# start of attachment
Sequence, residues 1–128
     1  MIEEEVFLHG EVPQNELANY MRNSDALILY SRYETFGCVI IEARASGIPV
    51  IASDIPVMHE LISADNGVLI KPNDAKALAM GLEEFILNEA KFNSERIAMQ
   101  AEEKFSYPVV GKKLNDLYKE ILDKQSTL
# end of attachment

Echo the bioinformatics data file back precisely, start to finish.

Sequence, residues 1–128
     1  MIEEEVFLHG EVPQNELANY MRNSDALILY SRYETFGCVI IEARASGIPV
    51  IASDIPVMHE LISADNGVLI KPNDAKALAM GLEEFILNEA KFNSERIAMQ
   101  AEEKFSYPVV GKKLNDLYKE ILDKQSTL